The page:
The feat Christie pulled off in Roger Ackroyd in any event has been a gauntlet cast to other mystery writers.  It stands at the head of its class in terms of what it accomplishes with first person narration and using that voice as a means to spring an unexpected result.  As such the book stands as a challenge to other writers’ experimentations with first person narration.  Some recent mysteries have stepped up to that challenge and have continued to plow new ground with this narrative mode.

       Reminiscent in some respects of Christie’s approach is the first person narration in Gillian Flynn’s best seller Gone Girl. The book offers up “dueling unreliable narrators,” as it were -- Nick Dunne and his wife Amy. Like Christie’s Dr. Sheppard, each holds back crucial information as the reader attempts to figure out exactly what has happened to the missing Amy. Through the use of two unreliable narrations Gillian Flynn leaves the reader guessing as to what is going on and what is being held back. The result, in the words of The New York Times' review, is “a house of mirrors.”

        In The Lovely Bones, Alice Sebold tells a haunting story narrated in the first person by the central character, Susie Salmon.  Discussing Sebold’s narrative technique requires no spoiler:  When the story opens Susie is already dead, the teenage victim of a rape murder.  She narrates the story from heaven -- a first person narrative that grants the narrator the omniscience Susie gains from her perspective in heaven, where she grapples with her family’s grief, her own demise, and the quest of everyone to bring down the monster responsible.  Little Brown and Company agreed to publish Sebold’s 2002 novel even though their view was that given the premise of the book they would be lucky to sell 20,000 copies.  In fact, The Lovely Bones sold well over one million copies and was on The New York Times bestseller list for over a year.  Susie's circumstances, so steeped in sorrow and horror, have caused many (my wife, included) to not give the book a try.  But I strongly commend it to you.  Read it and watch the catharsis that Sebold weaves amidst the sorrow, and watch how she uses Susie’s first person narration to pull it off.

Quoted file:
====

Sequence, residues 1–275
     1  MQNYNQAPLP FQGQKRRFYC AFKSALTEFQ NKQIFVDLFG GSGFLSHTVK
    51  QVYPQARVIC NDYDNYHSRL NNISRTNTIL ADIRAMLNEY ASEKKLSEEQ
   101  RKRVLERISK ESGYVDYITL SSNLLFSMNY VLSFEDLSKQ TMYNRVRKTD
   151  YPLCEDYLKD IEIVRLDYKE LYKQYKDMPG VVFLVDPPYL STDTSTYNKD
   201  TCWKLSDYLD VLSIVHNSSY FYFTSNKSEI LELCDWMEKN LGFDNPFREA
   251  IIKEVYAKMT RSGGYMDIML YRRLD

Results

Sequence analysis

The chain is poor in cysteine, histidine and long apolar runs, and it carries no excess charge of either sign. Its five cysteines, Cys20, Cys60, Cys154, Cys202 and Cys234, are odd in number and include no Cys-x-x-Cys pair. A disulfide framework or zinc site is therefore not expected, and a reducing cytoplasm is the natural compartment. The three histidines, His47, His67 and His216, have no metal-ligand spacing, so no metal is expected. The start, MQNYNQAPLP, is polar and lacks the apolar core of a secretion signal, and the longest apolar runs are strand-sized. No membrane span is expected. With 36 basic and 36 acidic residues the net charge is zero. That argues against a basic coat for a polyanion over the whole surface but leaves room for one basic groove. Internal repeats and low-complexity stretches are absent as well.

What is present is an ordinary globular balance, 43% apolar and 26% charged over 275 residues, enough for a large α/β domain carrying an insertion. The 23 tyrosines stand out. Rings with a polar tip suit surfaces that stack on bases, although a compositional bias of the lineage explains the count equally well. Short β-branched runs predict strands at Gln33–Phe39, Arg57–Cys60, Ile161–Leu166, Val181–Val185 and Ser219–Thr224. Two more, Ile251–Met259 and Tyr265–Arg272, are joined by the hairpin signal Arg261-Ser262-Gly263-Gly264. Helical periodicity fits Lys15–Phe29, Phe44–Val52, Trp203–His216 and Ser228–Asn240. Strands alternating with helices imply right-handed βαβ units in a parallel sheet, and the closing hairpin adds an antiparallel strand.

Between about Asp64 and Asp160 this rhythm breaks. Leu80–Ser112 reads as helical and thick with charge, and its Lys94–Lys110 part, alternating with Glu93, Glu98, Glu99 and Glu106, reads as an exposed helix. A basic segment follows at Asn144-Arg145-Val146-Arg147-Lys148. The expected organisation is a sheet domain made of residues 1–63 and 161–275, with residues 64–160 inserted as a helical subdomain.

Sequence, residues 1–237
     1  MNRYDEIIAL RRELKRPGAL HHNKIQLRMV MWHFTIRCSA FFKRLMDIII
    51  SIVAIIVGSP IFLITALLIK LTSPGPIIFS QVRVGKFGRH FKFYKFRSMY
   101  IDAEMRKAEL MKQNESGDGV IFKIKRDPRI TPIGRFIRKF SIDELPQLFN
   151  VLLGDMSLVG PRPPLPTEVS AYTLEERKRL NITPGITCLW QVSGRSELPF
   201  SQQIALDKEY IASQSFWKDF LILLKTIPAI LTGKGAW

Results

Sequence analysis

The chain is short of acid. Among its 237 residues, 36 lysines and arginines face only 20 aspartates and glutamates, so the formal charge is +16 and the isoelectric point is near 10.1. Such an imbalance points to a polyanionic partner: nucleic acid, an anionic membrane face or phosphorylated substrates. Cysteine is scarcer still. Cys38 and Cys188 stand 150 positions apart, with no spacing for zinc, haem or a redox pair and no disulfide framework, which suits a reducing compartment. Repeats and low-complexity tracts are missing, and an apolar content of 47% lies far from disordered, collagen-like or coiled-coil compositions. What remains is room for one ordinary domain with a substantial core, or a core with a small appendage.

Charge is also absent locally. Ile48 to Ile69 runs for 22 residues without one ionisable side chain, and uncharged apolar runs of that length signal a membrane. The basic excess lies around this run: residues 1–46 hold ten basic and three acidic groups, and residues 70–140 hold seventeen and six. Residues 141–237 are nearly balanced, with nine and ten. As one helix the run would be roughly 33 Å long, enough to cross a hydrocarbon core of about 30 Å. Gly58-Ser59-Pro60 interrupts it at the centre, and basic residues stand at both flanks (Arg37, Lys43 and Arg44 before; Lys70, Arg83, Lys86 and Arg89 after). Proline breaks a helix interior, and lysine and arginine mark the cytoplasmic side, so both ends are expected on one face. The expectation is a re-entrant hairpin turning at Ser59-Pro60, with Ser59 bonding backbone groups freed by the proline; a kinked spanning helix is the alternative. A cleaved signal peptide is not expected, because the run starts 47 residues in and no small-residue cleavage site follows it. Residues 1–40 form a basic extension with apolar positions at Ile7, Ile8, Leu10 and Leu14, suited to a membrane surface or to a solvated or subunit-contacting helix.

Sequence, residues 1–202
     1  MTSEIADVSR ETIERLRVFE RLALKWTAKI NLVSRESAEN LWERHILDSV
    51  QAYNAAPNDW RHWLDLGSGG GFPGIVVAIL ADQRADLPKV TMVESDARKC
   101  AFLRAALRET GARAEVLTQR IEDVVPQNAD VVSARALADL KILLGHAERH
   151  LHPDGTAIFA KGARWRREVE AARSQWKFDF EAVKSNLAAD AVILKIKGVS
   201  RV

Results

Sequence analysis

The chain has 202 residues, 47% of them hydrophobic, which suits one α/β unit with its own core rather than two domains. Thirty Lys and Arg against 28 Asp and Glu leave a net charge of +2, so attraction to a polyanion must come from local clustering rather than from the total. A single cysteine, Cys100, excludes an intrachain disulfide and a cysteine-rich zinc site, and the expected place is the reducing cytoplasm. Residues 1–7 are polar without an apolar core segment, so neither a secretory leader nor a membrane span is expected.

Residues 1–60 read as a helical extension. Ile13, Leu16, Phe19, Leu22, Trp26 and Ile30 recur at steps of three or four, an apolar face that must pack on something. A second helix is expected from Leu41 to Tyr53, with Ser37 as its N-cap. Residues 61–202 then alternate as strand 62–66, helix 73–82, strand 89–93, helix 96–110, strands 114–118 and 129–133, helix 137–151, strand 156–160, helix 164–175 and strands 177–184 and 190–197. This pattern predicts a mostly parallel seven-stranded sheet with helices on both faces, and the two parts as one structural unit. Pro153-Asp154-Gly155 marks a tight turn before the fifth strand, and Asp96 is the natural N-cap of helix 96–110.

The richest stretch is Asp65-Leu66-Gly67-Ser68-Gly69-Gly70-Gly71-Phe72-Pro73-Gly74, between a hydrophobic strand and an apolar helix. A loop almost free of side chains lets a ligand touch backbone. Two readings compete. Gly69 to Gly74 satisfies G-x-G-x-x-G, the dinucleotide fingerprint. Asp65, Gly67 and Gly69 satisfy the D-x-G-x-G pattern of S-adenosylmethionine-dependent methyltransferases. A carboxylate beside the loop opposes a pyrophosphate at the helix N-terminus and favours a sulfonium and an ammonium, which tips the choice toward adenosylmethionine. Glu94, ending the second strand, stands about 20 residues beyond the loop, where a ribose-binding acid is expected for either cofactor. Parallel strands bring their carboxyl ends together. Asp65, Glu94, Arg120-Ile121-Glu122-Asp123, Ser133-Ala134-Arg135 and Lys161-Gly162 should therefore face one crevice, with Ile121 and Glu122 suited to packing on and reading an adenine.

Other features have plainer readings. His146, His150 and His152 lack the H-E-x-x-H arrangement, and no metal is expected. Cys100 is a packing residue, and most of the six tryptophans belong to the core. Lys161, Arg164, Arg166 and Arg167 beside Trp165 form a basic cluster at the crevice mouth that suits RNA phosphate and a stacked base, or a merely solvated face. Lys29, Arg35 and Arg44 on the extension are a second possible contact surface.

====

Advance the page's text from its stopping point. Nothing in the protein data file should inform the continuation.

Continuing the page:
Alice LaPlante’s debut novel Turn of Mind in fact turns any idea of omniscient first person narrative on its head.   The central character and first person narrator in Turn of Mind, Dr. Jennifer White, is an Orthopedic surgeon suffering from Alzheimer's disease.   She is not our typical unreliable narrator.  Rather than holding things back from the reader, here there are simply things that occurred previously that Dr. White, our narrator, no longer remembers.  As readers we are imprisoned in her mind, a mind that Dr. White herself describes as:
This half state. Life in the shadows. As the neurofibrillary tangles proliferate, as the neuritic plaques harden, as synapses cease to fire and my mind rots out, I remain aware. An unanesthetized patient.
       And, as readers, that is our state as well.  Dr. White may or may not have killed her friend and neighbor from down the street.  Unlike Dr. Sheppard in The Murder of Roger Ackroyd, Dr. White holds back no information.  But, unlike Susie in The Lovely Bones, she is no where close to omniscient.  She, and we, have no idea whether she was involved in her friend’s murder. LaPlante uses this constricted first person narrative to deliver a taut thriller built on a growing fear and paranoia on the part of the narrator as, before our very eyes, she declines into dementia.